U.S. Department of Agriculture: Animal and Plant Health Inspection Service


Date of this Version



Biological Conservation 268 (2022) 109515


U.S. government work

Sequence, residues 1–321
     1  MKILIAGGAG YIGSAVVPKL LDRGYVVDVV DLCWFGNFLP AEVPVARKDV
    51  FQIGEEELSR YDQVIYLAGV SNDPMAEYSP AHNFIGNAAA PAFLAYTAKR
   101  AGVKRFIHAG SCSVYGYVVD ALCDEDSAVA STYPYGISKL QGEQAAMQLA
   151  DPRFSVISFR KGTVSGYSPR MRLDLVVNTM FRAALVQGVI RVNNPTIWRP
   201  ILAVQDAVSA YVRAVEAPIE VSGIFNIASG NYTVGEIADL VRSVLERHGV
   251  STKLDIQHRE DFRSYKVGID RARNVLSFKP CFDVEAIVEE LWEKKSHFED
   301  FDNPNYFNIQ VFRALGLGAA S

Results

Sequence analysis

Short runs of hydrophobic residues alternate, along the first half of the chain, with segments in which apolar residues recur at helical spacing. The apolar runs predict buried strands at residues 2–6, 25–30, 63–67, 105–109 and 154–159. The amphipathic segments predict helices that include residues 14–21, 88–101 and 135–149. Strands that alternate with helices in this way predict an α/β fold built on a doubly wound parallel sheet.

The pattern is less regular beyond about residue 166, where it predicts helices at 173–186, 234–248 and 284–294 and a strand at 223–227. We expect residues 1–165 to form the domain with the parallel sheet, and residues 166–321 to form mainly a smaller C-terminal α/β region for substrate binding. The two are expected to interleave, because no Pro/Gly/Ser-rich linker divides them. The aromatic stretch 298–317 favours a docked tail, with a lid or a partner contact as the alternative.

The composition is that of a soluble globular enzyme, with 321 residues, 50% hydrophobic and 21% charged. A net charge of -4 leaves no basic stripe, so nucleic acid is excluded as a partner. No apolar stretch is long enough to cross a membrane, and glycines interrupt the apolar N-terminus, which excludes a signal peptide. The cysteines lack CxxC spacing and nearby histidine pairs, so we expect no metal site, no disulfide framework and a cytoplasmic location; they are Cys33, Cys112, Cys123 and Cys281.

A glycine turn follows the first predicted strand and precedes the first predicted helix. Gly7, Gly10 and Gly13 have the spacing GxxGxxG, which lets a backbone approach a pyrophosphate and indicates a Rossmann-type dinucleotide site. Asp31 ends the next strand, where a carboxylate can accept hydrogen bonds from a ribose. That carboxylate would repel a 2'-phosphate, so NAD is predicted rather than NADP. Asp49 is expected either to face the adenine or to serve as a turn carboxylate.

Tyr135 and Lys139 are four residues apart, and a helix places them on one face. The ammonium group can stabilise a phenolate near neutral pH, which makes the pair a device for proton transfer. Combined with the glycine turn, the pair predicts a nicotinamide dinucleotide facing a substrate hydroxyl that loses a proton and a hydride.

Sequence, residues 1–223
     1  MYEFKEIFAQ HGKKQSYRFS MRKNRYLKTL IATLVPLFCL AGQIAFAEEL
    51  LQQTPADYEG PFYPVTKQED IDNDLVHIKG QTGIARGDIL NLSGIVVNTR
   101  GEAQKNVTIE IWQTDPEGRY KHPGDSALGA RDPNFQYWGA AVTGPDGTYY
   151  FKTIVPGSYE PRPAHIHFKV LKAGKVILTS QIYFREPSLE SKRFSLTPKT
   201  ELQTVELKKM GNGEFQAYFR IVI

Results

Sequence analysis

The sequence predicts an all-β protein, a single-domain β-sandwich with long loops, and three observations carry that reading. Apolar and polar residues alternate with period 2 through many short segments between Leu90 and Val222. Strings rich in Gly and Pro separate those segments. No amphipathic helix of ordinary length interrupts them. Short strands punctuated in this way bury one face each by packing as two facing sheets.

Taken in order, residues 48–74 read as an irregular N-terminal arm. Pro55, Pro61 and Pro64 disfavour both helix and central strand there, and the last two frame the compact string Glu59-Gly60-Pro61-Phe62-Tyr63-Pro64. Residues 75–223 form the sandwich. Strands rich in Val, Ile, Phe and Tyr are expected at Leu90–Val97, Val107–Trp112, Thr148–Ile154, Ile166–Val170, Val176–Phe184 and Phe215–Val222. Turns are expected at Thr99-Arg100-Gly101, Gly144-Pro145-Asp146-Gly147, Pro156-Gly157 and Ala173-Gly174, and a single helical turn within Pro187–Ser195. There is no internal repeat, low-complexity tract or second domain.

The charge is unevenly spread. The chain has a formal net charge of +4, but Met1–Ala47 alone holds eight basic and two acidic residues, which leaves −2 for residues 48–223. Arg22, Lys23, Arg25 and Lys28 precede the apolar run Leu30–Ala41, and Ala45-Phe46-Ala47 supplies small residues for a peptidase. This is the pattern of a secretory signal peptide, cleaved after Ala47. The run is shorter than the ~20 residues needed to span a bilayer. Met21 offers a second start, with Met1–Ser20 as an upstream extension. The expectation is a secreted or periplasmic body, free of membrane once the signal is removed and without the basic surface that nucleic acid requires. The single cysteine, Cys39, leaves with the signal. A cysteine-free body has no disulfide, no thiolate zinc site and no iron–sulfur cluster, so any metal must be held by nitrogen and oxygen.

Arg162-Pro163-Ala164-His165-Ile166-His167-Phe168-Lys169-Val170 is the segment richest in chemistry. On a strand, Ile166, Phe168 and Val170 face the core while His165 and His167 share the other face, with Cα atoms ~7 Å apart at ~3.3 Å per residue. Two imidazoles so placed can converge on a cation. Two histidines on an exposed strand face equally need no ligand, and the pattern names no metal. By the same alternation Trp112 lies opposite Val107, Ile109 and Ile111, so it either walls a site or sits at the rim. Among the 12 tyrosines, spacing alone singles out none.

Carnivore populations globally have largely declined, and coexistence, where humans and carnivores share landscapes, plays a crucial role in carnivore conservation. However, the term “coexistence” is often used in scientific and popular literature without being clearly defined. Herein, we provide a global perspective on what coexistence is and how it is studied. We conducted a systematic map of 366 articles published between 1987 and 2020 to characterize human-carnivore coexistence literature according to coexistence definitions, temporal trends, geographic and taxonomic focus, and four thematic aspects of coexistence: carnivore ecology, human endeavors, social conflict and human-carnivore conflict. We used chi-squared tests and generalized linear models to describe the thematic, taxonomic and geographic focus of the literature. The human-carnivore coexistence literature increased exponentially in the past 30 years, but few articles defined the term “coexistence” and those that did used inconsistent definitions. Thematically, coexistence research showed less emphasis on social conflict, even though it is a major driver of conflict regarding carnivores. The literature also focused primarily on larger carnivores, rather than endangered carnivores, and was primarily led by European and North American authors. We offer a simplified, formal definition of “coexistence” that incorporates the four thematic aspects of coexistence encountered in the literature: Co-occurrence of sustainable carnivore populations and human endeavors with minimal human-carnivore and human-human conflict. We encourage researchers to focus on the social dimensions of coexistence, such as human attitudes towards carnivores or the underlying causes of social conflict, and to broaden the taxonomic and cultural breadth of their projects.